1984 Olympic Games Los Angeles, United States 1st 5000 m OR
African Championships Rabat, Morocco 1st 1500 m
1985 Pan Arab Games Casablanca, Morocco 1st 1500 m
1987 Mediterranean Games Latakia, Syria 1st 1500 m
1st 5000 m
2nd 3000 m steeplechase
World Championships Rome, Italy 1st 5000 m
1988 Olympic Games Seoul, South Korea 3rd 800 m
1989 World Indoor Championships Budapest, Hungary 1st 3000 m
Jeux de la Francophonie Casablanca, Morocco 1st 5000 m
IAAF World Cup Barcelona, Spain 1st 5000 m
1991 World Championships Tokyo, Japan 11th 1500 m

World recordsEdit

Awards and distinctionsEdit

Aouita on Azerbaijani postage stamp
  • In 2012 Said Aouita had a subway station named after him in London for the 2012 Olympic Games. The Organizers of the Olympic Games of London 2012 announced the launch of a project called "The Underground Olympic Legends Map."
  • Track & Field News Athlete of the Year 1985 and 1987
  • 44 successive victories in international races from 800 m to 10,000 m in less than 26 months
  • Three times IAAF Grand Prix Final winner (800 m, 1500 m, and 5000 m)[4]
  • Honored by International Amateur Athletics Federation for Career Achievement in 2001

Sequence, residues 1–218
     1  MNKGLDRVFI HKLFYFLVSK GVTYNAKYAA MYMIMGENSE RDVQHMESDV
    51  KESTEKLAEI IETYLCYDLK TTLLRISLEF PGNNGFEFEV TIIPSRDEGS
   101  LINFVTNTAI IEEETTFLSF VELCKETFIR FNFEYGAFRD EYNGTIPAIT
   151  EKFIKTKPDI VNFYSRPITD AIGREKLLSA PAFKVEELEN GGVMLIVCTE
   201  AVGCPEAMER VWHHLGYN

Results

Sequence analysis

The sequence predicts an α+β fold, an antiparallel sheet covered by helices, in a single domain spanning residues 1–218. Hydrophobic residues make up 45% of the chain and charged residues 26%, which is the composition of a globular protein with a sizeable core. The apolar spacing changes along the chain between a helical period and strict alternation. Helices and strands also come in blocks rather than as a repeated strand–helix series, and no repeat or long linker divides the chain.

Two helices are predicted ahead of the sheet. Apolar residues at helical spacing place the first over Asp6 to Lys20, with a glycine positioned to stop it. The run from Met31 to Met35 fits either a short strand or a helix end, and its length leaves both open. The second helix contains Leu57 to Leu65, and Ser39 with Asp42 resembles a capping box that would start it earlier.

• The only man in history to run the 800 m under 1:44, the 1500 m under 3:30, the 3000 m under 7:30 and the 5000 m under 13:00.
  • Best Arab Athlete of the Century by Al Jazeera TV in 2000
  • Many Merit Medals by King Hassan II
  • In the 1996 Spring Summer Olympic special Collection Aquachrono, Swatch made a watch which featured Said Aouita on it.
  • The fastest train in Morocco is named after Said Aouita
  • Aouita was on a postage stamp of The Republic of Azerbaijan in 1996


  1. ^ a b c d e f g h IAAF. "Said AOUITA - Athlete Profile".
  2. ^ Said Aouita. Sports Reference. Retrieved on 2011-12-20.
  3. ^ Moore, Kenny (August 25, 1986). "Aouita Over Rono? Oh, No No". Sports Illustrated. Retrieved 2010-08-05.
  4. ^ IAAF GRAND PRIX FINAL. GBR Athletics. Retrieved on 2011-12-20.

External linksEdit

Preceded by
Steve Cram
Men's 1,500 m World Record Holder
23 August 1985 – 6 September 1992
Succeeded by
Noureddine Morceli
Preceded by
Steve Cram
Men's 2000 m World Record Holder
16 July 1987 – 03 July 1995
Succeeded by
Noureddine Morceli
Preceded by
Henry Rono
Men's 3000 m World Record Holder
20 August 1989 – 16 August 1992
Succeeded by
Moses Kiptanui
Preceded by
David Moorcroft
Men's 5000 m World Record Holder
22 July 1985 – 4 June 1994
Succeeded by
Haile Gebrselassie
Preceded by
Carl Lewis
Men's Track & Field Athlete of the Year
Succeeded by
Yuriy Syedikh
Sporting positions
Preceded by
Fernando Mamede
Men's 5000 m Best Year Performance
1984 – 1987
Succeeded by
John Ngugi
Preceded by
Sebastian Coe
Men's 1500 m Best Year Performance
Succeeded by
Steve Cram
Preceded by
Doug Padilla
Sydney Maree
Men's 3000 m Best Year Performance
1984 – 1986
Succeeded by
Dieter Baumann
Khalid Skah